In 2014, the U.S. Supreme Court made a ruling in Alice Corp. v. CLS Bank Int’l, 573 US 208 (2014), that seemed to slam shut the patent door for software. The opinion does not mention software, but the patents at issue were about software used in financial trading systems. The Court found that the four issued patents were not valid because their subject matter was not patent-eligible.
This decision caused all kinds of commotion. The United States Patent and Trademark Office (“USPTO”) rejected patent applications on software patents, and revoked allowances on allowed applications. In the courts, cases filed in the federal district courts before the ruling were being thrown out because the patents in the suits were being found invalid.
As a result, with little hope of getting patents, some software companies stopped filing patent applications. The Court of Appeals for the Federal Circuit (CAFC), the appeals court for patent cases, has tried to clarify what the Alice decision means. As the CAFC clarified points, the USPTO handed out new guidelines for patent subject matter eligibility in 2014, 2015, 2018 and in 2019.
The 2019 guidelines, coming after four-and-a-half years of confusing case law, give hope and guidance to applicants about protecting their software inventions. The guidelines, The 2019 Revised Patent Subject Matter Eligibility Guidance, issued on Jan. 7, 2019, found on the USPTO website (www.uspto.gov), lays out a two-step process. The first step is not of interest here; it asks whether the claim is statutory, referring to the list of patentable subject matter: process, machine, manufacture and composition of matter. As most software is claimed as a method or process, it typically falls under the statute.
The real interest is in the first part (2A) of step 2 that asks if the claim is about what is called a judicial exception. Judicial exceptions are not patentable even though they are processes. These include: natural laws, mathematical calculations, abstract concepts: natural phenomena; methods of organizing human activity; and mental processes. The discussion here assumes that the claims are judicial exceptions, most software will be.
But there is hope. You can get a patent on something that claims a judicial exception, provided you can show it is “integrated into a practical application.” The memo sets out a list of things that are considered practical applications, but we will not bore you with them here.
What does this mean for you? Here are some possibilities.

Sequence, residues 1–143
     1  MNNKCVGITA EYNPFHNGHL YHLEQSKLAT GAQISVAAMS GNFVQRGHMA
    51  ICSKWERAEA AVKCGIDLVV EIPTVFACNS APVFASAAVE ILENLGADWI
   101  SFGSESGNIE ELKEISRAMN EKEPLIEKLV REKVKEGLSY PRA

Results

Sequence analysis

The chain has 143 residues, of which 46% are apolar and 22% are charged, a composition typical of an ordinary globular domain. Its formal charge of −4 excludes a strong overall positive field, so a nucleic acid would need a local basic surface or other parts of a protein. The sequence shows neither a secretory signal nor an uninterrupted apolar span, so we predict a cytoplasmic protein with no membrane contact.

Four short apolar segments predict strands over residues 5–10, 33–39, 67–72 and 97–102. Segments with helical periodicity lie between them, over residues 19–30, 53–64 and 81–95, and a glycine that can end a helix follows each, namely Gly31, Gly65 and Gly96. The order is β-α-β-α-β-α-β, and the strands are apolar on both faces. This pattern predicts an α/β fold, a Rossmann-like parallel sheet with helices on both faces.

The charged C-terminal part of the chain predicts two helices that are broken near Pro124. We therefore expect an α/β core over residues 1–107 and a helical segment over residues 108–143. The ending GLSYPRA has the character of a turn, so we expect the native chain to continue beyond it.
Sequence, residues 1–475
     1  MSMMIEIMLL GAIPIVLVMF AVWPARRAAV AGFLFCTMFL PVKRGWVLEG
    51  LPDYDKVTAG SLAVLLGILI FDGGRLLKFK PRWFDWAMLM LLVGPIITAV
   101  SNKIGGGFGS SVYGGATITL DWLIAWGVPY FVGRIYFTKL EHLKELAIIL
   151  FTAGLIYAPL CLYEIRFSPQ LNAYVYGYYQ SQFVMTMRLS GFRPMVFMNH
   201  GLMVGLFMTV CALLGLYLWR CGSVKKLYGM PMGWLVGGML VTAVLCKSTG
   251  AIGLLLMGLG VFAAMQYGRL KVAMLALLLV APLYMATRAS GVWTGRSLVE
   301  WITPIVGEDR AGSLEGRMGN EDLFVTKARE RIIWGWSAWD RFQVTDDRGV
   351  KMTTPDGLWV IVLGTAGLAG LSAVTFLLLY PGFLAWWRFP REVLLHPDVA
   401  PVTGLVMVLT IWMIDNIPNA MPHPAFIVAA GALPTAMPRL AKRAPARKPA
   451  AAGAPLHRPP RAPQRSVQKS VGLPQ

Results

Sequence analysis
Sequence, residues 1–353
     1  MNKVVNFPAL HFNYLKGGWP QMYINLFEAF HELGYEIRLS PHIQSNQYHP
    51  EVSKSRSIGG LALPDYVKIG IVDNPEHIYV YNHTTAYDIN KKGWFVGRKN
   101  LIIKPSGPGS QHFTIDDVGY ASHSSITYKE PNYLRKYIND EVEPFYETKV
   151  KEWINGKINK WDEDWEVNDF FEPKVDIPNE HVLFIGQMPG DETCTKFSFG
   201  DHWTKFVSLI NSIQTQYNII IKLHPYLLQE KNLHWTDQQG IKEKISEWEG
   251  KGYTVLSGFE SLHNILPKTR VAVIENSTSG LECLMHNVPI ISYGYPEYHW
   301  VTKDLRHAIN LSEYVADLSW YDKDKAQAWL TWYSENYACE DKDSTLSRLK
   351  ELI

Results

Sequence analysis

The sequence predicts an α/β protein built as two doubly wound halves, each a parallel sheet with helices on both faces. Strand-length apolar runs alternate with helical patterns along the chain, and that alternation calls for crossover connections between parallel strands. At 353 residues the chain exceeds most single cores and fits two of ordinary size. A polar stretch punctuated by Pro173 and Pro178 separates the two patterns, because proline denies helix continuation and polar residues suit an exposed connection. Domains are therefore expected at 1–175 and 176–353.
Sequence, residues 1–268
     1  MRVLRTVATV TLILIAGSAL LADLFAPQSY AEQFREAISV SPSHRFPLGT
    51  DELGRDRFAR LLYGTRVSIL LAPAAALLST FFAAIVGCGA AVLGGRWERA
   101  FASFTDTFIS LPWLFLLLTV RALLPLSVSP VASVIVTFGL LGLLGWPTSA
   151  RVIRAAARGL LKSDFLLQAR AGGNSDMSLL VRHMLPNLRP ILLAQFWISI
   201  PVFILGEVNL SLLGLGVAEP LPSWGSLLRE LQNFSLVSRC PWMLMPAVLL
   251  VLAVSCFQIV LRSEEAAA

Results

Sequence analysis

Have your patent attorney write the specification and claims so they fall into one of those practical applications or try to include your own. For a lot of owners, they get concerned about limiting the scope of their coverage, but some coverage is better than none.
Be very clear to differentiate it as something that a human being could not do, or could not do fast enough or precisely enough to allow the invention to work.
Be comfortable that your attorney may limit, yes I said limit, the scope of the claims to the particular area. You are going to have to really look at what technology segment/market your products will be or are in and make sure you keep a leash on the desire for world domination.
In addition to walking the Examiner through the exception, your attorney needs to put lot of detail in the specification. You do not have to limit your coverage to the details, but the more detail you have about the integration into the practical application, the more you will be able to point to in your description to overcome the rejection.
These tips focus on getting the patent. Once you have the patent, there is not guarantee it will stand up in court. Prior to the Alice decision, issued patents were presumed valid. Then the U.S. Supreme Court changed the rules and suddenly previously valid patents were not. Indications are that the courts are going to follow the guidelines, but court decisions take longer than USPTO decisions, so no one is really sure.
So, you can patent your software invention … we think.
Attorney Julie Reed is a member of Miller Nash Graham & Dunn’s patent team. With more than 25 years of intellectual property experience,Julie has participated in the growth of technologies from their formative stages to market acceptance. She helps develop strategic plans that tightly couple patent acquisition and licensing with business strategies. Julie can be reached by phone at (360) 619-7028 or by email at firstname.lastname@example.org.